Activists urge Germany to suspend patents on Covid-19 medical tools
Doctors Without Borders (MSF), with civil society bodies, has urged Germany to support the immediate suspension of patents on all Covid-19 medical tools in light of low vaccination rates in SA and other African countries.
A letter signed by civil society groups, patient bodies and human rights activists has been sent to German chancellor Olaf Scholz, economics minister Robert Habeck and development minister Svenja Schulze.
The letter called for an immediate suspension of patents through the Trade-Related Aspects of Intellectual Property (Trips) waiver — an intellectual rights protocol — at the World Trade Organization, “which to date has been outright blocked by the German government”.
In 18 African countries, fewer than 2% of people have been vaccinated, while in Germany 70% have received at least one dose.
They said there was also a need for technology to be made available to producers in low- and middle-income countries to accelerate vaccine manufacturing.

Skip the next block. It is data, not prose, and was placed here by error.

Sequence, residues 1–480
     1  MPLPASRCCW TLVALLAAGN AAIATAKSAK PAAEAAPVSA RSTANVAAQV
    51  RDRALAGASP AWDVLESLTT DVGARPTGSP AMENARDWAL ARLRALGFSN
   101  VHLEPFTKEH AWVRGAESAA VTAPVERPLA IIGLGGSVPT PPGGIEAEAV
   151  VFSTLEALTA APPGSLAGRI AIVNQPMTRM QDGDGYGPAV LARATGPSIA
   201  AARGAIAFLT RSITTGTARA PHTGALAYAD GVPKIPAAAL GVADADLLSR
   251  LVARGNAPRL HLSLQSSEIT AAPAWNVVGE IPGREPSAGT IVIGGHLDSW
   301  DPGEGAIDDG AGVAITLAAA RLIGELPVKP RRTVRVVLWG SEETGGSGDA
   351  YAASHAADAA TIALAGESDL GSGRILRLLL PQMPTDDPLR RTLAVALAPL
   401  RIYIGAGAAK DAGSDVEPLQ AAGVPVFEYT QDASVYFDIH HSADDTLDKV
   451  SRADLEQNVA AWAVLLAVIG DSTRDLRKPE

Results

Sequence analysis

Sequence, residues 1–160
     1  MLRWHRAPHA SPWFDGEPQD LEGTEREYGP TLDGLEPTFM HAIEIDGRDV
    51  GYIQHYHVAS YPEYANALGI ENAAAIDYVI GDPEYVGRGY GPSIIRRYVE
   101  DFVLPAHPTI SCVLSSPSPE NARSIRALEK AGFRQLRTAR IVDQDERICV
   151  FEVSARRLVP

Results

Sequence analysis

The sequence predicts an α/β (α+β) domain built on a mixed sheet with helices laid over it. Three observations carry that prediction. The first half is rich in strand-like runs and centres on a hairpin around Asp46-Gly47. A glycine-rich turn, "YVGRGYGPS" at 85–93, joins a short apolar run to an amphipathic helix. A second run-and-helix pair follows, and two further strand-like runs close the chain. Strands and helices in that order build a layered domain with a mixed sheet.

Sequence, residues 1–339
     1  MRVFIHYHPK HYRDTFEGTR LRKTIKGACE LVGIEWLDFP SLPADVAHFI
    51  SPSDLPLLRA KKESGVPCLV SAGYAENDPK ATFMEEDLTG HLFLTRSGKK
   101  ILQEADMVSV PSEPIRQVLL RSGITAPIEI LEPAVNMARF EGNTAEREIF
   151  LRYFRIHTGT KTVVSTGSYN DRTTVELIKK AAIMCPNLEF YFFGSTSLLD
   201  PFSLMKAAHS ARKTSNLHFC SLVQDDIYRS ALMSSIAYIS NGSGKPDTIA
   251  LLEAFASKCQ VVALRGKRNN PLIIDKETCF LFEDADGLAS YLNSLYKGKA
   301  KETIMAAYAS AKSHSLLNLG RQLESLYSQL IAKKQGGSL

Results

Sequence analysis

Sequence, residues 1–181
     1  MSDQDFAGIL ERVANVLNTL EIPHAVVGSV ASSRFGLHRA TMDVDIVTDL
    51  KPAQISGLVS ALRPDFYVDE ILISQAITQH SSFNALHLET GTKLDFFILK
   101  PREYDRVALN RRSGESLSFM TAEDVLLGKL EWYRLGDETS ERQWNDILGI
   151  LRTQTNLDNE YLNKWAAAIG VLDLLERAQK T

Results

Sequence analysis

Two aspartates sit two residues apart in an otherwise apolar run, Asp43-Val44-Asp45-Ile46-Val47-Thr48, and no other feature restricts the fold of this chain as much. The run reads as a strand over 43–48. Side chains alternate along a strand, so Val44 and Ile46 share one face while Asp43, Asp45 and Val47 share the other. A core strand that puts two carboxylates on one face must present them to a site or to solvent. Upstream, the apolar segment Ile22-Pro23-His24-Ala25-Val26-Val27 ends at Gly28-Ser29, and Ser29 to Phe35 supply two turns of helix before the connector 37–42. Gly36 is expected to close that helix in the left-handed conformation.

“This is especially needed for mRNA vaccines, whose research and development was co-funded by the German government, with hundreds of millions of euros of taxpayer money,” said Candice Sehoma, advocacy co-ordinator for MSF’s Access Campaign in SA.
“To end the deadly global inequality you must take all possible steps to ramp up production as quickly as possible. The transfer of know-how to producers worldwide is explicitly mentioned in the coalition agreement.
“You must also quickly increase pressure on manufacturers, especially BioNTech, to finally share their vaccine technology knowledge.
“Every day we in SA directly experience the dramatic consequences of unequal access to vaccination, tests and medicines. Every day we witness the failure of global solidarity.”
According to MSF, mRNA vaccines are particularly suitable for technology transfer because they are easier and faster to produce in large quantities and can be quickly adapted to new viral variants.
“Technology transfer to Africa would be possible within six months, even to producers who have not previously manufactured vaccines. The necessary skills are available in SA and other countries in the global south. The problem is access to the technology, which BioNTech and other mRNA developers are keeping under wraps.
“The German government must also work to ensure German vaccine manufacturers make their knowledge available to the World Health Organisation’s mRNA vaccine technology transfer hub in SA,” Sehoma said.
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